That’s brutal, especially because the white “underclass” is hardly voting as a bloc for Mr. Trump, even if that’s the mainstream narrative. In early March, The New York Times reported on “Trump Country” emphasizing his support in “economic hardship” communities. One of them was Fall River, Mass., a former textile-manufacturing center with high unemployment and a low median income, where Mr. Trump got 62 percent of the Republican primary vote. But Mr. Trump got only 16 percent of the combined Democratic and Republican vote in that city, far less than either Hillary Clinton or Bernie Sanders. By that measure he fared best in suburbs closer to booming Boston, getting 32 percent of the combined vote in Lynnfield, Dracut and Saugus—all places with unemployment rates below the state average and median incomes above the state average. Combine that with his strong showings in retirement communities in Florida, and the “Trump Country” stereotype of economically distressed communities has a lot of holes in it.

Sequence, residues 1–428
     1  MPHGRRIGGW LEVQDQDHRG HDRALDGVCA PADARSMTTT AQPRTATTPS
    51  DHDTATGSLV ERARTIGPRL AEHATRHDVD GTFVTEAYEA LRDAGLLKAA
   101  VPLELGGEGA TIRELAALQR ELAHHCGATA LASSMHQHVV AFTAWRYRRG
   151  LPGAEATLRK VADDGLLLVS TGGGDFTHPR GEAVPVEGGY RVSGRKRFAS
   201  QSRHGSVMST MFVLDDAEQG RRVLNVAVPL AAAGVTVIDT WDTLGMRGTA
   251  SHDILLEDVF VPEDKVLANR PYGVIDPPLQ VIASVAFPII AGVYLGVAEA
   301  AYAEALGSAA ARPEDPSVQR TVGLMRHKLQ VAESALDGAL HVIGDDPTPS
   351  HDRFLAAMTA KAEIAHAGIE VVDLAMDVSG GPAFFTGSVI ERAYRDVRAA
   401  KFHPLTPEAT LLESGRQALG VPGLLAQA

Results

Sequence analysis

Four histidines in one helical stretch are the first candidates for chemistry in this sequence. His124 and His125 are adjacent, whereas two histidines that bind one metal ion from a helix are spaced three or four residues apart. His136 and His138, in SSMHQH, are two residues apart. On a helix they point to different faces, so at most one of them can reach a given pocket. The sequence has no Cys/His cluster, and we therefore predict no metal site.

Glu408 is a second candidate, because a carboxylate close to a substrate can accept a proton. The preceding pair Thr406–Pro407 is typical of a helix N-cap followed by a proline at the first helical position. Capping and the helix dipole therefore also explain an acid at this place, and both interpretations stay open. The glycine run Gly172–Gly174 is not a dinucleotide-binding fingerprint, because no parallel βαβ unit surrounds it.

Still, I wouldn’t dismiss the idea that economic anxiety is genuine in large parts of the United States. The overall picture obscures an uneven recovery from the recession of the last decade, with communities that were already lagging now falling further behind the most prosperous parts of America. And the latest Census estimates showing that more than half the counties in America are losing population—a high share by historical standards—lends credence to the idea that voters sense some troubling economic trends that may not be visible in Washington, D.C. Mr. Trump tends to do well in these “left behind” areas, or at least in the overwhelmingly white ones in the East. He wouldn’t have gotten this far without significant support in upscale counties as well, but economically stressed places are making their voices heard more than usual this year. 

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William Rydberg
2 years 9 months ago
I hope that the Electorate begins to really listen to Bernie. Sad to say it, but the American Catholic Intelligencia is in my opinion dominated by Vendus that have sold off their Catholic social-Justice and anti-war birthright for a more and more strings-attached federal grants. No justice, no peace... Just my opinion... in Christ,